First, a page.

So Pixar was designed to create the ability to buy more intellectual property and make more and also use the technology to distribute it or to make it look more relevant was what I talked about earlier. After we did that in 2006 we had my head of strategy who just got a new job in the company Kevin Mayer and I had an acquisition target list and on the list in 2000 maybe 7 was was Marvel and Lucas as it turns out that three years after Pixar I walked into a persons office in New York and they like Perlmutter who was the controlling shareholder of Marvel. I said I have an idea about us buying Marvel and I convinced them that it was not only the right thing to do for the company but the right thing for the shareholders of Marvel. And then three years later I took George Lucas to breakfast at Disney World. He was there to reopen a Star Wars based attraction called Star Tours. I made sure I was there to reopen it with him because I was on a mission which is to talk to him about possibly selling Lucasfilm and he did that. So they all were similar in nature branded content Star Wars Marvel Pixar and they all fit the strategy that I had in mind when I got the job. You know I'm a marvel. I've got to ask about Black Panther which has obviously become a national phenomenon global global phenomenon. Pretty amazing. Talk about Are you surprised by what's happened. Talk a little bit about the thought process behind this and just kind of the timing now.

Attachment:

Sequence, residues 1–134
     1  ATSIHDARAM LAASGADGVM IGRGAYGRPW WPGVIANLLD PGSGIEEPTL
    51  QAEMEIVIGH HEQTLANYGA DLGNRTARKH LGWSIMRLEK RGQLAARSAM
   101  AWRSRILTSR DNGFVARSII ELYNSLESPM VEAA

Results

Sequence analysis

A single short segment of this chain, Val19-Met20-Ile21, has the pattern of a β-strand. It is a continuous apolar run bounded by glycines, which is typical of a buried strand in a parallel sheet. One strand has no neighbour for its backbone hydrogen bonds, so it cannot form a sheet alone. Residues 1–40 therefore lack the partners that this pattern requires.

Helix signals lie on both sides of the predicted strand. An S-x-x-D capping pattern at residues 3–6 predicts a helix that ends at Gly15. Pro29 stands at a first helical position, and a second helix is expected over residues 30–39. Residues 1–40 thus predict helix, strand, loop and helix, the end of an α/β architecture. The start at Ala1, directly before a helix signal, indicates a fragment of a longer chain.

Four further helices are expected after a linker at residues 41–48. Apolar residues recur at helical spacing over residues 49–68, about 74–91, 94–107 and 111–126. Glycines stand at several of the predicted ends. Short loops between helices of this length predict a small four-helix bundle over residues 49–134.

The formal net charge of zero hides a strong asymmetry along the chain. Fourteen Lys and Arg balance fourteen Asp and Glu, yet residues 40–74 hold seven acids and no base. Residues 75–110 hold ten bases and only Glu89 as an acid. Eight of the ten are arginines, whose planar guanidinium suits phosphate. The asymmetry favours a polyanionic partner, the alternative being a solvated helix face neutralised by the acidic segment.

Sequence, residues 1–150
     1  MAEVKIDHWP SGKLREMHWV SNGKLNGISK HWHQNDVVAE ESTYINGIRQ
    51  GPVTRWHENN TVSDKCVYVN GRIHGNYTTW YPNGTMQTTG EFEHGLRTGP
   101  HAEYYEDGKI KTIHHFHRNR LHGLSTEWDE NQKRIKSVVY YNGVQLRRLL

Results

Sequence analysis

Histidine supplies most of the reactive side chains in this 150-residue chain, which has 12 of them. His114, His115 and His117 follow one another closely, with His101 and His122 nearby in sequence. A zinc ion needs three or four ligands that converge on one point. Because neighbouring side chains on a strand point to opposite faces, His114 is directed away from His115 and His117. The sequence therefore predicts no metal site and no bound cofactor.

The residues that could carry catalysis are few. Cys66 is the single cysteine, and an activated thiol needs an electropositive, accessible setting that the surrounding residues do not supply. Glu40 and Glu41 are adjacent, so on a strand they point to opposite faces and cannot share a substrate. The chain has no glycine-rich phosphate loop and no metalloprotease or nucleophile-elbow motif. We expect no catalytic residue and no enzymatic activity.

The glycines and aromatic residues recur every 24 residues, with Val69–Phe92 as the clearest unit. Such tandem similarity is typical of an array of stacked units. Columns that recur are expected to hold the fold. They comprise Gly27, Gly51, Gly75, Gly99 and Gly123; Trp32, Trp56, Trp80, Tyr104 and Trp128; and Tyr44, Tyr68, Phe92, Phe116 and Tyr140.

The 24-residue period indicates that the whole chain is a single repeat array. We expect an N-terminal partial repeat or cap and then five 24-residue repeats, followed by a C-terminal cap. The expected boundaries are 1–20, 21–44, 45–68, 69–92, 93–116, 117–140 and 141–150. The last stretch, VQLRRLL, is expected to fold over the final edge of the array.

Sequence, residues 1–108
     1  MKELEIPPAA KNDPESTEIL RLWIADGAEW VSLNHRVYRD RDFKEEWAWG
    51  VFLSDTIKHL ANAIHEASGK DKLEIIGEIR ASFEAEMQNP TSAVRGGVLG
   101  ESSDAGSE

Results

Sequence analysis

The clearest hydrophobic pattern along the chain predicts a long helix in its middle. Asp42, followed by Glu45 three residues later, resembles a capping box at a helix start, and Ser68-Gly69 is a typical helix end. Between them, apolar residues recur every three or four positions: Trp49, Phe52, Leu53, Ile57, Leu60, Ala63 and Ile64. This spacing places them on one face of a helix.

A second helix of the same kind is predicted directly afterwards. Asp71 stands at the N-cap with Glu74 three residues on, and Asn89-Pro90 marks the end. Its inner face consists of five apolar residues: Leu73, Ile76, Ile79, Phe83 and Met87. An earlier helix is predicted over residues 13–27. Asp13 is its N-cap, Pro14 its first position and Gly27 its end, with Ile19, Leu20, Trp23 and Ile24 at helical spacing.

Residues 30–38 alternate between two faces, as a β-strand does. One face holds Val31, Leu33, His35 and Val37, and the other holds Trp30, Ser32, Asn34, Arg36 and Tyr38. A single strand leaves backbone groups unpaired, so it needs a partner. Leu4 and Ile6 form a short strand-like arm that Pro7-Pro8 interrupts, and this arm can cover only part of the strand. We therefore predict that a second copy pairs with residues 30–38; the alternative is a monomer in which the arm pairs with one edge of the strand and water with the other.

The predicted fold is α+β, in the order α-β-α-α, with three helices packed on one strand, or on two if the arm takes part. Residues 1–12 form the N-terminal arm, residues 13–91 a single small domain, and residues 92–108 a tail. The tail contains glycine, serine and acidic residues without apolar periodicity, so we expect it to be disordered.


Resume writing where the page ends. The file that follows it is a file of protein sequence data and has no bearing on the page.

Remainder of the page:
You know at this moment it's just so interesting but is that it's a matter of coincidence or how did this happen. So in the category of my job being a lot of fun about every quarter I sit down with the head of our studio Alan Horn and the head of Marvel Studios man Kevin foggy and we discussed projects that are being shot projects that are being developed and projects that we may want to develop it's usually not just the projects or stories or characters we sit down and we look at we look at franchises and characters and we all do a fair amount of homework. I'm not familiar with all 7000 but I have a lot of familiarity and we talk about what we want to make and I felt that it was time for Marvel storytelling too much much better reflect the world we were doing business. And I'm a big believer in that whether you call it diversity or inclusion. But the bottom line is that doing so is good for commerce. The world is Harsley multicolored multi nature multifaceted. The more we infuse it into our stories the better off we are. And I wanted Marvel to make the first not create the first black superhero but make the first movie based on a black superhero. And I knew that they had developed this starting in the mid 60s Black Panther comics written by a man named Stanley and I felt that that's what we should. That's what we should focus on. And so we had a discussion about a black superhero movie and there was a lot of skepticism. One would travel overseas and to would it can sell consumer products. We sell a lot. We make a lot of money in other platforms as well.